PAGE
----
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|Country of origin||United Kingdom|
|Key people||Martin Skidmore|
Neil Gaiman, Eddie Campbell, Grant Morrison, Mark Millar, Paul Grist, Nigel Kitching, Phil Elliott
Trident Comics was a comic book publishing company based in Leicester, UK, specialising in black and white comics created by new British talent. It was formed in 1989 as an offshoot of the comics distributor/wholesaler Neptune Distribution, and went out of business in 1992 when Neptune was acquired by a competitor.
Trident Comics' aim was to provide creator-owned opportunities for not just established talent such as Neil Gaiman, Eddie Campbell and Grant Morrison, but new talent such as Mark Millar, Paul Grist and Dominic Regan. Trident Comics's main editor was Martin Skidmore, a British comics enthusiast who had been previously best known for editing the fanzine Fantasy Advertiser, a title which Neptune/Trident agreed to continue publishing when Skidmore joined the company.
The company's first release, in early 1989, was the Trident Sampler, a 32-page free sampler issue featuring previews from forthcoming titles. This was followed shortly afterward by Trident #1. Trident was an anthology title, and its first issue featured work such as Eddie Campbell's Bacchus, Neil Gaiman and Nigel Kitching's The Light Brigade and Grant Morrison and Paul Grist's St. Swithin's Day.
Trident proved successful and was followed shortly afterward by Saviour #1 by Mark Millar and Daniel Vallely. This was Millar's first published work and again proved successful for Trident Comics. In 1989, Trident Comics also launched The Saga of the Man-Elf (created by Michael Moorcock) as well as Fantasy Advertiser on a bi-monthly basis. However, this success was tempered by criticism of titles shipping late, something which began to affect its titles more and more.
In 1990, Trident Comics released its best-known title, the collected and recoloured St. Swithin's Day by Morrison and Grist. It proved controversial due to its subject matter, which had to do with a British teenager's fantasy about assassinating Prime Minister Margaret Thatcher. Questions were asked about the comic in the House of Commons, it quickly sold out, and it was one of the few titles Trident sent to a second printing.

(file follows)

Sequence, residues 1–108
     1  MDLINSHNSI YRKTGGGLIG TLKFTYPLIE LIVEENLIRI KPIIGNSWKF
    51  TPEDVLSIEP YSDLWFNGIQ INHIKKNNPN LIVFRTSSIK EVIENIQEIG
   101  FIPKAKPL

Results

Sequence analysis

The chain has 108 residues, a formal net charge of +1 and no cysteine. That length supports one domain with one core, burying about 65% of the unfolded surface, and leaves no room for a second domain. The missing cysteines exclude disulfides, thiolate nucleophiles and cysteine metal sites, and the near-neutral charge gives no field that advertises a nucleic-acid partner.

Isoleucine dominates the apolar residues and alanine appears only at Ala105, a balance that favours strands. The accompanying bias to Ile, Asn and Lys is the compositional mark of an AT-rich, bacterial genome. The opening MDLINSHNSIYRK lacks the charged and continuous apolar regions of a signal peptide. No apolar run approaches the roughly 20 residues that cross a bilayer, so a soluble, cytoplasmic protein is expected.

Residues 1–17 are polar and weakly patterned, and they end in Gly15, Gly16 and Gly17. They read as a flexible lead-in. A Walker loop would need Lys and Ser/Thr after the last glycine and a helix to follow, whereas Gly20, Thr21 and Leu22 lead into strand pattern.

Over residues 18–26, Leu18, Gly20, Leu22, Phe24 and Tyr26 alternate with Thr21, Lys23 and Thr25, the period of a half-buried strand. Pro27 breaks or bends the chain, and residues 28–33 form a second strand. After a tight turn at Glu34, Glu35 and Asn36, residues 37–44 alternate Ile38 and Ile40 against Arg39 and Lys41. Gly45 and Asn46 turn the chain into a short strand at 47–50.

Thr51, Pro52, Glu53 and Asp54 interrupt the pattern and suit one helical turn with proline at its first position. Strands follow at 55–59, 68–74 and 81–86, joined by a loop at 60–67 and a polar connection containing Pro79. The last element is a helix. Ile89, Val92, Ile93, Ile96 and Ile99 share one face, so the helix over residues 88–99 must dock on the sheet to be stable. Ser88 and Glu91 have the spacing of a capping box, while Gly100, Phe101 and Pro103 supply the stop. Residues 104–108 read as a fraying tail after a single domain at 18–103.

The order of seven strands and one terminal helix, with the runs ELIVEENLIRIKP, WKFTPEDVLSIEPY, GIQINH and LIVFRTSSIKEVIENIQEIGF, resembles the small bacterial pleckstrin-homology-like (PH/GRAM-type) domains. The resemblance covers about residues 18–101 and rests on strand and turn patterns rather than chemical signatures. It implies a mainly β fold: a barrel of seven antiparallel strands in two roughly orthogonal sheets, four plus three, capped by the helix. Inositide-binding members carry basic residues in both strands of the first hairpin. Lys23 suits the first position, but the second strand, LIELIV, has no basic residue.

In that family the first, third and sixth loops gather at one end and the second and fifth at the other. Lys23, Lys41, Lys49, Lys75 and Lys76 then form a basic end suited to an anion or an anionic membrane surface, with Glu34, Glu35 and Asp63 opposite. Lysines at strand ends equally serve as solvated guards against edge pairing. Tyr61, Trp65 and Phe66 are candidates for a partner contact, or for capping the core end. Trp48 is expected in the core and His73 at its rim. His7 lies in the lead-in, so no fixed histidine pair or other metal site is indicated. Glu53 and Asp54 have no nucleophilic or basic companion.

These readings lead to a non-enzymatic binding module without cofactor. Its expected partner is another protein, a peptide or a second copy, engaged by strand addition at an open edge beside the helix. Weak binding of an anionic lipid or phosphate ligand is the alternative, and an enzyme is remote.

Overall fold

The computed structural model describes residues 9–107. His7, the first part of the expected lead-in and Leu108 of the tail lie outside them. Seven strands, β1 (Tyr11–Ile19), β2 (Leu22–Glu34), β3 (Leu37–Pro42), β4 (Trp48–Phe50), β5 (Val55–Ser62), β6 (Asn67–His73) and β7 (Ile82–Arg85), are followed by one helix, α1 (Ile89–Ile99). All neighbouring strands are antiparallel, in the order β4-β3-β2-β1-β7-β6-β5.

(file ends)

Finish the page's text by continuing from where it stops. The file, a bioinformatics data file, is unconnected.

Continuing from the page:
Many of these titles suffered from the late shipping that had been a problem previously with the company. This affected sales greatly as well as the reputation of Trident Comics. Another factor was Neptune's late 1990 formation of the imprint Apocalypse Ltd (whose main title was the weekly Toxic!). This expansion of the publishing line stretched all of Neptune's companies to their limit; as a result, Trident didn't publish anything after 1991.
- Black Dog by Nigel Kitching (1 issue, July 1990)
- Bug Hunters by Jerry Paris with Pedro Henry and Garry Leach (One-shot) — collecting 1985–1987 material from Computer and Video Games magazine
- Burglar Bill by Paul Grist (1 issue, 1990)
- Fantasy Advertiser (Nov. 1988–1989; 1991)
- The Light Brigade, by Neil Gaiman and Nigel Kitching (1 issue, Aug. 1989) — collecting material originally published in the Trident anthology
- Lucifer by Eddie Campbell and Phil Elliott (2 issues, 1990)
- The Saga of the Man-Elf (5 issues, 1989–1990), created by Michael Moorcock
- Norman Spittall (one-shot, 1991)
- St. Swithin's Day by Grant Morrison and Paul Grist (1 issue, Apr. 1990) — collecting material originally published in the Trident anthology
- Saviour, by Mark Millar and Nigel Kitching (six issues, 1989–1991) — a trade paperback collecting issues 1-5 was also released.
- The Shadowmen, by Mark Millar and Andrew Hope (2 issues, 1990)
- Strand (2 issues, 1991) — horror series
- Trident (8 issues, 1989–1990) — comics anthology
- "UK News: Trident Comics," Speakeasy #95 (Feb. 1989), p. 18.
- "Trident Announces Initial Three-Pronged Attack," The Comics Journal #130 (July 1989), pp. 45-46.
- Chapman, James. British Comics: A Cultural History (Reaktion Books, December 2011) ISBN 9781861899620, p. 249.
- "Newswatch: Geppi Buys Baltimore," The Comics Journal #174 (Feb. 1995), p. 29.